Employees at the U.S. Army Security Assistance Command are able to enhance their leadership skills through a variety of monthly courses provided by the command's G5 Enterprise Development and Proficiency division.

This initiative began in 2015 and was in response to employee requests for developmental training.

"The courses are meant to enhance leadership and managerial skills for the entire workforce," G5 Training Coordinator Jason King said.

The training is intended for both employees and supervisors and includes instructor lessons, scenario-based group discussions and role playing exercises.

As part of USASAC's Training and Leader Development Guidance for fiscal 2017, leader development is a "deliberate, continuous and progressive process founded in Army values to grow civilians to be confident, competent and capable of decisive action," according to USASAC Commander Maj. Gen. Stephen Farmen.

Classes include "Negotiation Skills," "Managing Performance," "Conflict Management," "Developing Others" and "Job Interview Skills." Training topics are selected by majority through annual employee surveys.

"Resume Writing," held July 20 and July 27 at USASAC's New Cumberland, Pennsylvania, and Redstone Arsenal locations, taught participants how to organize their resumes, tips on writing and what recruiters look for in applicant resumes.

"The purpose of a resume is to get an interview," said Pauline Higgins, president of the Strategic Initiatives Consulting Group and facilitator for the class. "What would make you stand out from your experience that would make a recruiter want to meet you?"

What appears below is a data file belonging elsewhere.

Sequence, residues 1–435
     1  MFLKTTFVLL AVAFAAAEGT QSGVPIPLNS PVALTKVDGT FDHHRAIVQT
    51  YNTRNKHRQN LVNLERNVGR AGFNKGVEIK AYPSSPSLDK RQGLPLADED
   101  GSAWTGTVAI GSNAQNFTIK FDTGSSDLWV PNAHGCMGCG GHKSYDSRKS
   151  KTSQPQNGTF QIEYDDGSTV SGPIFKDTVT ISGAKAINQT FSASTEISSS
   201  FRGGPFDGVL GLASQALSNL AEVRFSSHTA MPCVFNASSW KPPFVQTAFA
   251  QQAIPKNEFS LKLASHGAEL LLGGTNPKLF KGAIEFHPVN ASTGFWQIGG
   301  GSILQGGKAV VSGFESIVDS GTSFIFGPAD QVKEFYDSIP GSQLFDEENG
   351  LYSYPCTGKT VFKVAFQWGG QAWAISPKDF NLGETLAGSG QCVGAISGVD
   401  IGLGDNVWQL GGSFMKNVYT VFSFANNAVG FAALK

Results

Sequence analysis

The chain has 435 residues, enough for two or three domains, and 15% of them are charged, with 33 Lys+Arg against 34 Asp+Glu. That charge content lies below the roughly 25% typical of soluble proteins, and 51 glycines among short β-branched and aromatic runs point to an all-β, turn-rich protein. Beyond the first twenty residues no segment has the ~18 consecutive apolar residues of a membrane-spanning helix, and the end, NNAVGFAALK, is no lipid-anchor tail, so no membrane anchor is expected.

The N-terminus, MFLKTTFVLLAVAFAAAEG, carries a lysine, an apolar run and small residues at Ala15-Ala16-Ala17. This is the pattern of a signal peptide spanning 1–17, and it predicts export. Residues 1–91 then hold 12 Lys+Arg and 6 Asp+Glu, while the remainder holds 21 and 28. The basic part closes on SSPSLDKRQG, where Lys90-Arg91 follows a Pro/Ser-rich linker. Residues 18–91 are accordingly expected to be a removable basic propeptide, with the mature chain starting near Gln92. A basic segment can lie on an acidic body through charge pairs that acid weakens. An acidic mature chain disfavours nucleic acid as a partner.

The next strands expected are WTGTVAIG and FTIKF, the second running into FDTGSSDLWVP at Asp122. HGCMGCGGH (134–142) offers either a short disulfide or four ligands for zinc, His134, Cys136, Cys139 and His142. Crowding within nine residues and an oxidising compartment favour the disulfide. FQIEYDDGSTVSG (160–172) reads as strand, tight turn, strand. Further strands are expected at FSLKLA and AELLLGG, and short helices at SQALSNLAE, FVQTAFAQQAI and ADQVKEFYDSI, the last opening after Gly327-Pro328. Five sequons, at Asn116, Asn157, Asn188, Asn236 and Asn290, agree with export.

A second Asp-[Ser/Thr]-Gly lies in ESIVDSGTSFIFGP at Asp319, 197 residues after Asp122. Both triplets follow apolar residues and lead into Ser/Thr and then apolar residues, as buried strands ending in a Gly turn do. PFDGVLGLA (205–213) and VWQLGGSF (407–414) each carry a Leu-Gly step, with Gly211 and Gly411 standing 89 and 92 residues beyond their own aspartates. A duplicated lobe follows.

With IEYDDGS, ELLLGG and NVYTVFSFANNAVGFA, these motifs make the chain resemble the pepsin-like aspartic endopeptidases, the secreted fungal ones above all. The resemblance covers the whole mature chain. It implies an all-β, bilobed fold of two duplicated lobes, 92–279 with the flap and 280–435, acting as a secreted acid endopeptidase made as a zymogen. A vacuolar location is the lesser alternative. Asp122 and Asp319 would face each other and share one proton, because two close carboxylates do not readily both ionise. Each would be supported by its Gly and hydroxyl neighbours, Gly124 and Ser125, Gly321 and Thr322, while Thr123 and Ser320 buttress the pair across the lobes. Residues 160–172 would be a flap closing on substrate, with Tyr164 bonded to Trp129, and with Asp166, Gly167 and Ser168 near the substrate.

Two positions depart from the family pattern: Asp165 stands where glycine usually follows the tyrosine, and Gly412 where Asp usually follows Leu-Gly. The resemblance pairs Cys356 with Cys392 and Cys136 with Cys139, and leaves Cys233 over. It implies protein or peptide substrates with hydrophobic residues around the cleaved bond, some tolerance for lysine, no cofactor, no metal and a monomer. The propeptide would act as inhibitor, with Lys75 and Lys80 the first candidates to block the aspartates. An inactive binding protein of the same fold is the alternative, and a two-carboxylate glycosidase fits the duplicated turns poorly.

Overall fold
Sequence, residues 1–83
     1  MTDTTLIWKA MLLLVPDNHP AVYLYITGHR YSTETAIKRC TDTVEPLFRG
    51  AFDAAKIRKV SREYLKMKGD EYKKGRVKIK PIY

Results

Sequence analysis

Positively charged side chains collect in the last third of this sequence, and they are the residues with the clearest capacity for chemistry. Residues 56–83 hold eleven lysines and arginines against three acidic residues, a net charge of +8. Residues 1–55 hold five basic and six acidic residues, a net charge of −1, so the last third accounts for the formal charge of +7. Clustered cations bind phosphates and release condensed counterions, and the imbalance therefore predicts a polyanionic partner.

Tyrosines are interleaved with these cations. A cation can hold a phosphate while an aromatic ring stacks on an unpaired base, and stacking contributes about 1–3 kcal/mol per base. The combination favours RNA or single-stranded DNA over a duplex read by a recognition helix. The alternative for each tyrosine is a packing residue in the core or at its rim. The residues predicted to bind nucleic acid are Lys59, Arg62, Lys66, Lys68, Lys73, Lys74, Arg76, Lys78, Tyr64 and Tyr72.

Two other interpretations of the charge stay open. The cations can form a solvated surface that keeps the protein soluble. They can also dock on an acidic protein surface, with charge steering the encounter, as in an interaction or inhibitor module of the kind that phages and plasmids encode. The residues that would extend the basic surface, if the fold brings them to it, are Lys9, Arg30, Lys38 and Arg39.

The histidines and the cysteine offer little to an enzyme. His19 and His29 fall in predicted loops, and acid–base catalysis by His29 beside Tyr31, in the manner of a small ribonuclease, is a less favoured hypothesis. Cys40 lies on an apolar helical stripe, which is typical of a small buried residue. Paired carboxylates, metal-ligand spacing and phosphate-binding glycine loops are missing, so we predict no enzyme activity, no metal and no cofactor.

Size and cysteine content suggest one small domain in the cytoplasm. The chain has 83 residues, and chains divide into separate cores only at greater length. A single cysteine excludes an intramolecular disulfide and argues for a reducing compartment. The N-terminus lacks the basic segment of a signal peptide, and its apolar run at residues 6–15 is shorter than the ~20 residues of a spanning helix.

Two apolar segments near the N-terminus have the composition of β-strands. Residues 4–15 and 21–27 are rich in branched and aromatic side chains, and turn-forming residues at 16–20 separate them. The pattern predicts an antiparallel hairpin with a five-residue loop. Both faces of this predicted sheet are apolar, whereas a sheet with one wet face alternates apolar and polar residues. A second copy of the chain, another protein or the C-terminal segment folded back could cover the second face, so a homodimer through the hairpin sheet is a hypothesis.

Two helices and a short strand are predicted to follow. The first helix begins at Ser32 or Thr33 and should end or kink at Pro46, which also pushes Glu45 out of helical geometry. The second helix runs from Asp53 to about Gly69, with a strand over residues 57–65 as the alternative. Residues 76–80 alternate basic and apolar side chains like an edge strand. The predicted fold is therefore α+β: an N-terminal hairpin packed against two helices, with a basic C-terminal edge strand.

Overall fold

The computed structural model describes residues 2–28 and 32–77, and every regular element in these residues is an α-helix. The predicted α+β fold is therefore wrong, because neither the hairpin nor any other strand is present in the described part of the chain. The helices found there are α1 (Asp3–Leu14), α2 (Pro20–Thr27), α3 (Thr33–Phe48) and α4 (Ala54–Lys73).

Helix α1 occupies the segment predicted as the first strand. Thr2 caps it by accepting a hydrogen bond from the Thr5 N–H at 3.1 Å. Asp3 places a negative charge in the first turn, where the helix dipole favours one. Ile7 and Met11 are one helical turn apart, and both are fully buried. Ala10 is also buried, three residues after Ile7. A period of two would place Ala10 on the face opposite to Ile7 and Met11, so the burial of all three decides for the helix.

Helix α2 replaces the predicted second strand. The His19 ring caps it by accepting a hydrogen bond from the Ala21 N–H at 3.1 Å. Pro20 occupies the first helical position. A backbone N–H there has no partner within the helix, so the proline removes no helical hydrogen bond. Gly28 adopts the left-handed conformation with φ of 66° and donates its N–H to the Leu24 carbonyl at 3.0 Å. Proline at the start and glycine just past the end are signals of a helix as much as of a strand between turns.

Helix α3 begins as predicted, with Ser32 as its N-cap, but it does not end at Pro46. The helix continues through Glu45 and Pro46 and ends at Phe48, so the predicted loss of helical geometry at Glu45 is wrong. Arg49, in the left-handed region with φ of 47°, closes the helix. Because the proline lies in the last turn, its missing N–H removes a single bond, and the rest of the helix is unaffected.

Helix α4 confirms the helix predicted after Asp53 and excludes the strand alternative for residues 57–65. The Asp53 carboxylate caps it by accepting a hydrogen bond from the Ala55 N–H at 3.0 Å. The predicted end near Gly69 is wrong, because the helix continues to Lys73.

Higgins suggested tailoring each resume to meet the needs of any job applied for versus a one-size-fits-all resume, and listing experience in concise bullet form instead of paragraphs.

"The most beneficial thing I learned was how to explain the job I perform and clarify the results of the skills I applied," said Lee Rice, an accountant in USASAC's G8 Resource Management directorate.

"The information painted a picture of what a perspective hiring authority is looking for to separate an applicant from the herd," Cliff Abron, USASAC's facility manager, said. "I learned tips that I will use immediately to hopefully increase my chance of snagging the next big opportunity."

Linda Perry, an executive assistant in USASAC's G5 directorate, said the class gave her a better understanding of what employers are looking for when quickly glancing at resumes.

"In order to be competitive, you have to know proper writing techniques," Perry added.

Classes planned for the remainder of the year include "Keeping Members Motivated," "Supervisor's Best Practices for Conducting Job Interviews," "Time Management" and "Building Stakeholder Relationships."